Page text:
So we spent the day here lying on a beach, and then came back to get afternoon massages and evening shopping, accidentally crashing a formal dinner at our hotel, and hitting up the night markets. Jessie and I even caught up with Theresa, who I flew over with, for an amazing night market dinner. Oh, what a hard time we were having! (And Sydney Swans lost to Fremantle that day too. Sorry Jessie, but it had to be said. Love the Dockers all the way).
We also got the chance to check out the indigenous history museum on our way back to our second week of work, and check out the cultural diversity of Borneo. Whilst taking down many notes, it really stuck us how diverse the culture is here. Borneo is a big place, with so much diversity, that while it is an exciting challenge to study, it is also a daunting one.
As the days have come closer and closer to us departing for this field trip on the 17th of September, it has become increasingly clear how daunting it is. We have the chance here to actually make a big difference to some people’s lives. This is not theoretical stuff that we’ve read and studied about a hundred times before in a academic journal in university. This is us making the journal. This is us going out and doing and physically being there.
Exciting? Yes. Daunting? Yes. Are we ready for it? I suppose we will have to find out. As I sit here writing this, it is the night on the 16th September. We’ve just finished packing for our field trip, had dinner (where Christina and Jessie cooked a really nice chocolate cake) and have all gone to bed. Earlier Jessie and I had a moment where we kind of pinched ourselves and went, ‘my god, we’re actually going tomorrow!’ And we are. This is actually happening.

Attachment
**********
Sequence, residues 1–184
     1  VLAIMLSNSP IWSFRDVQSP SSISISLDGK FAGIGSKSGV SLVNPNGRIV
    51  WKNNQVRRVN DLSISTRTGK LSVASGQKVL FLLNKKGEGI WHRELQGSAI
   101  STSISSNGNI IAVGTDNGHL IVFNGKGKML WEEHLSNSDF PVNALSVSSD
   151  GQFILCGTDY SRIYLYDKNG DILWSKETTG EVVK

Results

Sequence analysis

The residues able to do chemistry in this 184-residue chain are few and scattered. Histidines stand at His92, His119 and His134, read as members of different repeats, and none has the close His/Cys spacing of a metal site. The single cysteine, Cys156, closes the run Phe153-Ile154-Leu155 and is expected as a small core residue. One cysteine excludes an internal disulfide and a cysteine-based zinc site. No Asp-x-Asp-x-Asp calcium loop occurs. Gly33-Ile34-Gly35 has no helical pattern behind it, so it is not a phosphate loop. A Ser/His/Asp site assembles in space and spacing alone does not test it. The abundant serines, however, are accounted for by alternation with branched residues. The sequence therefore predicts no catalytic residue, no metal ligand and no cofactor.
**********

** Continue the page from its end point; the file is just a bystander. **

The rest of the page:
This trip has already been such an eye-opener for myself already in so many ways (academically, personally, psychologically and more); that it may not be a foregone conclusion to think that we might see some really distressing things on this field trip. We are dealing with people who have had their lives turned upside down by this earthquake. This is their place; and everything important to them revolves around that place. They may be still traumatised, upset, angry… we don’t know.
But I already sense that this coming week on our field trip is going to be hard, not just in terms of cultural interaction, and the interviews and stories, but in being in the physical place where so much death and destruction happened. It goes beyond purely our academic aims and purposes that initially led all of us to here, and becomes so much more real. This is why we are here. To help these people in any way we can.
But I suppose I won’t really know until I’m there.